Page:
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Expanding the Clinical Definition of Infertility to Include Socially Infertile Individuals and Couples


In the United States, single individuals and LGBTQ couples who wish to conceive biological children are considered to be “socially infertile” due to their relationship status. Due to the high cost of infertility treatments and inadequate insurance coverage, the socially infertile has minimal access to assisted reproductive technology (ART). Under the current medical definitions of infertility, even in states with infertility insurance mandates, only heterosexual couples with physiological infertility are covered for ART. It is well documented that infertility interferes with many aspects of the human experience and reduces the quality of life for involuntarily childless individuals regardless of whether the infertility is physiologically or socially based. Physiological infertility was initially considered to be a private issue before being recognized as a medical diagnosis and has since legitimized heterosexual couples’ access to ARTs. The medical diagnosis of infertility not only affirms that their intention to conceive biological children is justifiable but also confirms that it is a condition that can and should be treated with current medical interventions. Expanding the current definition of infertility to include social infertility will elevate it to a treatable medical condition, justifying the use of ART for such individuals and potentially alleviating the negative impacts of infertility. Thus, states with infertility insurance mandates should provide the same infertility coverage to socially infertile individuals as physiologically infertile heterosexual couples.


  • Social infertility
  • Assisted reproductive technology
  • Infertility mandate
  • Single parenthood

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  • DOI: 10.1007/978-3-319-89429-4_6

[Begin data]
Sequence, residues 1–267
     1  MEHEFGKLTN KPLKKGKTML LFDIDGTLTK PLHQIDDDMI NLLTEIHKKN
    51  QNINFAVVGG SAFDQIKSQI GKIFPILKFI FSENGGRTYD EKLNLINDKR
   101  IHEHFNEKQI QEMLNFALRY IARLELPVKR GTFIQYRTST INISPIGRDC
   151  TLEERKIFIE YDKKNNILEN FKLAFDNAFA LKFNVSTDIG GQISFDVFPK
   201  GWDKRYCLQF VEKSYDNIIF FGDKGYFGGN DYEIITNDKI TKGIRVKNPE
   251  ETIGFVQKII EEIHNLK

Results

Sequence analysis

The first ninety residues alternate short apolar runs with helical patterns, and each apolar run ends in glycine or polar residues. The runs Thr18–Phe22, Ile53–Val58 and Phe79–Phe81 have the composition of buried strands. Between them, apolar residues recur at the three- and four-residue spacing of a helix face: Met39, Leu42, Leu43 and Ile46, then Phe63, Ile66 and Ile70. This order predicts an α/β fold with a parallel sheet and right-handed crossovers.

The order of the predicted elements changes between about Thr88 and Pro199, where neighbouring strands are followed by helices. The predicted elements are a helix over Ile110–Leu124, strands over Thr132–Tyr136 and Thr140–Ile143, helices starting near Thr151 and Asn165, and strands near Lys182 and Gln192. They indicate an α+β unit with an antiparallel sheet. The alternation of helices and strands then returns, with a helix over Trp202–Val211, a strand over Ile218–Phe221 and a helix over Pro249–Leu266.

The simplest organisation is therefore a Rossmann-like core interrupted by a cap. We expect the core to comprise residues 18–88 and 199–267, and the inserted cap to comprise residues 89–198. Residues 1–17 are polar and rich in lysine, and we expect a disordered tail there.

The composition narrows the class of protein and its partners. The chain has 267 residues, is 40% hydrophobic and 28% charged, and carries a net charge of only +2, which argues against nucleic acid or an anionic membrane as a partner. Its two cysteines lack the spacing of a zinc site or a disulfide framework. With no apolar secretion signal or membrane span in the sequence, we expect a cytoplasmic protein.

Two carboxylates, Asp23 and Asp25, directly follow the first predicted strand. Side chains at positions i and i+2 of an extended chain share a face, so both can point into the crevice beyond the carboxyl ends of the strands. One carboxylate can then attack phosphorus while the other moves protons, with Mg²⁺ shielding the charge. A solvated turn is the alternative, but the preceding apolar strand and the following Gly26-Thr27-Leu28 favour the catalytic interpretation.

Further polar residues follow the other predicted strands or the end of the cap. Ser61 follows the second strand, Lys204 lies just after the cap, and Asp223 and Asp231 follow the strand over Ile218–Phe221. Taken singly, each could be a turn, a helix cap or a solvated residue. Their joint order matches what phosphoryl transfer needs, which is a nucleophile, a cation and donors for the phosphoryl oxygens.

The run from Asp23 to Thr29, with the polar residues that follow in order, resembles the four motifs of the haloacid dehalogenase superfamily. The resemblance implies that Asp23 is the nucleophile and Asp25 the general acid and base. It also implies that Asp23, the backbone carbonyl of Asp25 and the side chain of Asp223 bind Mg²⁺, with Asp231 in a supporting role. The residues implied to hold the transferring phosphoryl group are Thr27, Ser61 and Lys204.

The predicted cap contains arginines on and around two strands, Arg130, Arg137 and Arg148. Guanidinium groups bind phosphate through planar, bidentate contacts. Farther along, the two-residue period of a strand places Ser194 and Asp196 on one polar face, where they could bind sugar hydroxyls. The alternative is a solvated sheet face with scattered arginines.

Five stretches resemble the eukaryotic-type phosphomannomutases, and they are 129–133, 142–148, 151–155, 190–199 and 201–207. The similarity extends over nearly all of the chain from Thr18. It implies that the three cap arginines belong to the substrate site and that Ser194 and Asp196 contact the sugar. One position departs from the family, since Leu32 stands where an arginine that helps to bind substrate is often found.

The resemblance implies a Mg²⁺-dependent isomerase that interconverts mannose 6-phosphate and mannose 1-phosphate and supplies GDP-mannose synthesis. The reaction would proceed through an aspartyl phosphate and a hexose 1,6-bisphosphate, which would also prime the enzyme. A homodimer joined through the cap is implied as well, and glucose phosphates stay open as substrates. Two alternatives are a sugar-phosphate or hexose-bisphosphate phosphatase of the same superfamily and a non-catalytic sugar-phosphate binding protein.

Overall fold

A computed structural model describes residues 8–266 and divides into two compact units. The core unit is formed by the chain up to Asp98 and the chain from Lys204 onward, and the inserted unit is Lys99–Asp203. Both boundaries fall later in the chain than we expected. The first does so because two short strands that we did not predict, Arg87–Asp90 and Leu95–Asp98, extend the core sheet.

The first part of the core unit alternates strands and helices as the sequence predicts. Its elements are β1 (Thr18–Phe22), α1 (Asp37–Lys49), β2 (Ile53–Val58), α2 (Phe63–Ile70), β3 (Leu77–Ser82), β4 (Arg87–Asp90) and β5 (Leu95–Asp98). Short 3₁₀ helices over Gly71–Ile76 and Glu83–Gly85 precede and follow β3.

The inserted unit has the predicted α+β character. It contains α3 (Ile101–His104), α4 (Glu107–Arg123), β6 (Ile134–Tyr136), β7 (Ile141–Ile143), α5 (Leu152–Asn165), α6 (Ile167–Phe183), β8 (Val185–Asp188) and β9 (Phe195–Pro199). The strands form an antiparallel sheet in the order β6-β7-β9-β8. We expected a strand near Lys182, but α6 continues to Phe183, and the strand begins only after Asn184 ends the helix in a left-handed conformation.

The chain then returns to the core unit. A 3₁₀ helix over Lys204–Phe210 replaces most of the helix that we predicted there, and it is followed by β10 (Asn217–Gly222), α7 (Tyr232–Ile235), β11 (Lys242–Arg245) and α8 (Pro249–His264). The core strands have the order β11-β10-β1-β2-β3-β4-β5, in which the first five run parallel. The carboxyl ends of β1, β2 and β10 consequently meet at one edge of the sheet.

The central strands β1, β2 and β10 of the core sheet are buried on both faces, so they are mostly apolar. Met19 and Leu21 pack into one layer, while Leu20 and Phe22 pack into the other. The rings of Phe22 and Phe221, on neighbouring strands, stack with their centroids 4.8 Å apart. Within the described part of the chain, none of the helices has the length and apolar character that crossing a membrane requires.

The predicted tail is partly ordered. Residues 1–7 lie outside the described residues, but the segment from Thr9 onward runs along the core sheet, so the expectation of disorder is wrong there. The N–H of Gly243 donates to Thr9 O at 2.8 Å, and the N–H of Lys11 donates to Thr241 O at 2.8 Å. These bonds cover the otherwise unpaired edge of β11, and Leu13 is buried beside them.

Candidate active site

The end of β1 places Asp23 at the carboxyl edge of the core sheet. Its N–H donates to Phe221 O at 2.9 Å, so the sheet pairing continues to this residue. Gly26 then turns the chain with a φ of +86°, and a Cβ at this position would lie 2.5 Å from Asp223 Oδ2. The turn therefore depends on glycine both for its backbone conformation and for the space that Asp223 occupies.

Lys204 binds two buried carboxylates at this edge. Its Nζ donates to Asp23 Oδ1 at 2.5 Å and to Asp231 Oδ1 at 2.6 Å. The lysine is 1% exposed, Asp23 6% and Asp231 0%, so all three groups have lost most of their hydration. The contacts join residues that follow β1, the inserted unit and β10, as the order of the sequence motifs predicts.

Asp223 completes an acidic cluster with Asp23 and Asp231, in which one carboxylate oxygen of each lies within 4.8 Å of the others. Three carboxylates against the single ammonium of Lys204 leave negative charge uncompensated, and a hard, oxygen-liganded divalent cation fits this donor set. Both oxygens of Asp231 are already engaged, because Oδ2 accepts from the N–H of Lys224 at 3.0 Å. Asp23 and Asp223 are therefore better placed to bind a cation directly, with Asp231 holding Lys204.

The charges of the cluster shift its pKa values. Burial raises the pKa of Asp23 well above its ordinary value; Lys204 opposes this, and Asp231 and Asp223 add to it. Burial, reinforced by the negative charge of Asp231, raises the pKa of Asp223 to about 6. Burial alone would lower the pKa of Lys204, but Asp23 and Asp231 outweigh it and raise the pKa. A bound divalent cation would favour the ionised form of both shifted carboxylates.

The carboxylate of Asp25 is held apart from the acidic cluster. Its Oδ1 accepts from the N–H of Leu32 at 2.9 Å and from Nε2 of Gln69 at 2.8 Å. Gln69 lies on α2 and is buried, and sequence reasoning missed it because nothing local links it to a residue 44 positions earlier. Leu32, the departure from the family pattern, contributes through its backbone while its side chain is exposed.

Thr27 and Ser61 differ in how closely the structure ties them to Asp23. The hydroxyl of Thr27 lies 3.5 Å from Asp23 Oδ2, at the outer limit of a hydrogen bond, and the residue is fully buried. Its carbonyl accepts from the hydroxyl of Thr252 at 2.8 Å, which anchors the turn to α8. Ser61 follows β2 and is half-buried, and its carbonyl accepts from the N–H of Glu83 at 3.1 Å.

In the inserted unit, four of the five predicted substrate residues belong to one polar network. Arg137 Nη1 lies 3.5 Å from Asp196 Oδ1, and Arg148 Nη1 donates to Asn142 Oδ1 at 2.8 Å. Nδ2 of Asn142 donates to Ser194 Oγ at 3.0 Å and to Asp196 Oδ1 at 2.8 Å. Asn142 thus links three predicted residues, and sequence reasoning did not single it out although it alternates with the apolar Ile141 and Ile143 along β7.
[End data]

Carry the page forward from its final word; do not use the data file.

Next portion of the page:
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  1. 1.

    Although we will not discuss the ethical issues surrounding surrogacy, it is important to note that heterosexual couples who meet the current clinical definition of infertility may also benefit from surrogacy coverage. For instance, a woman who underwent a hysterectomy due to endometrial carcinoma may wish to start a family after she is cancer free. Even if she has the foresight, opportunity, and means to preserve her eggs, she cannot carry a pregnancy due to her surgery and will need to seek the assistance of a surrogate.

  2. 2.

    The 15 states that currently require health insurers to offer coverage for infertility diagnosis and treatment are Arkansas, California, Connecticut, Hawaii, Illinois, Louisiana, Maryland, Massachusetts, Montana, New Jersey, New York, Ohio, Rhode Island, Texas, and West Virginia.

  3. 3.

    Although the Massachusetts infertility mandate has the most extensive ART coverage in the United States, it still does not include surrogacy. Single men and gay couples therefore will not receive coverage for all of the technologies and services they need to build a biological family.

  4. 4.

    Male infertility care is often overlooked in discussions of infertility. Although almost half of the infertility cases among heterosexual couples are caused by male factors, only six states (California, Connecticut, Massachusetts, New Jersey, New York, and Ohio) mandate coverage for male infertility care. Two other states (Montana and West Virginia) mandate undefined infertility services only for health maintenance organization plans. Among these states, Massachusetts once again provides the most comprehensive coverage for male infertility treatment, including sperm procurement, processing, banking, as well as reversal of elective sterilization (Dupree 2016). However, the Massachusetts coverage plan is designed only for males in heterosexual relationships.


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Correspondence to Lisa Campo-Engelstein .

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Lo, W., Campo-Engelstein, L. (2018). Expanding the Clinical Definition of Infertility to Include Socially Infertile Individuals and Couples. In: Campo-Engelstein, L., Burcher, P. (eds) Reproductive Ethics II. Springer, Cham.

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